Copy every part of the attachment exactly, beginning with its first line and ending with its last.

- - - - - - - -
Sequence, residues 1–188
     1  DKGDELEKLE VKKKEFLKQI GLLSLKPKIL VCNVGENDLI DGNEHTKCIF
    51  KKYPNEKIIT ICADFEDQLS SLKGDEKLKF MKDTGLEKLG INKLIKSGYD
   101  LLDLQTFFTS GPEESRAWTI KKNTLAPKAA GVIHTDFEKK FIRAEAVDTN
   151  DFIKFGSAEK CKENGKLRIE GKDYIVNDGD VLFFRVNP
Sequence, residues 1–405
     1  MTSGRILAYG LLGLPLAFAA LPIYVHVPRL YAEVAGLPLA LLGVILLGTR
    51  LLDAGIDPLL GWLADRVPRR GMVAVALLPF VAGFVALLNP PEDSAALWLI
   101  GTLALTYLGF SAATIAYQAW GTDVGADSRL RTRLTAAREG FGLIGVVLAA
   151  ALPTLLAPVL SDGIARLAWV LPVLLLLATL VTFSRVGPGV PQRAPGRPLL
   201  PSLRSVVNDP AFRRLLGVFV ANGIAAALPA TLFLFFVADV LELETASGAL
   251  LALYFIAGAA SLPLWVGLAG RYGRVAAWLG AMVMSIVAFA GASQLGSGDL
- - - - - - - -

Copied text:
Sequence, residues 1–188
     1  DKGDELEKLE VKKKEFLKQI GLLSLKPKIL VCNVGENDLI DGNEHTKCIF
    51  KKYPNEKIIT ICADFEDQLS SLKGDEKLKF MKDTGLEKLG INKLIKSGYD
   101  LLDLQTFFTS GPEESRAWTI KKNTLAPKAA GVIHTDFEKK FIRAEAVDTN
   151  DFIKFGSAEK CKENGKLRIE GKDYIVNDGD VLFFRVNP
Sequence, residues 1–405
     1  MTSGRILAYG LLGLPLAFAA LPIYVHVPRL YAEVAGLPLA LLGVILLGTR
    51  LLDAGIDPLL GWLADRVPRR GMVAVALLPF VAGFVALLNP PEDSAALWLI
   101  GTLALTYLGF SAATIAYQAW GTDVGADSRL RTRLTAAREG FGLIGVVLAA
   151  ALPTLLAPVL SDGIARLAWV LPVLLLLATL VTFSRVGPGV PQRAPGRPLL
   201  PSLRSVVNDP AFRRLLGVFV ANGIAAALPA TLFLFFVADV LELETASGAL
   251  LALYFIAGAA SLPLWVGLAG RYGRVAAWLG AMVMSIVAFA GASQLGSGDL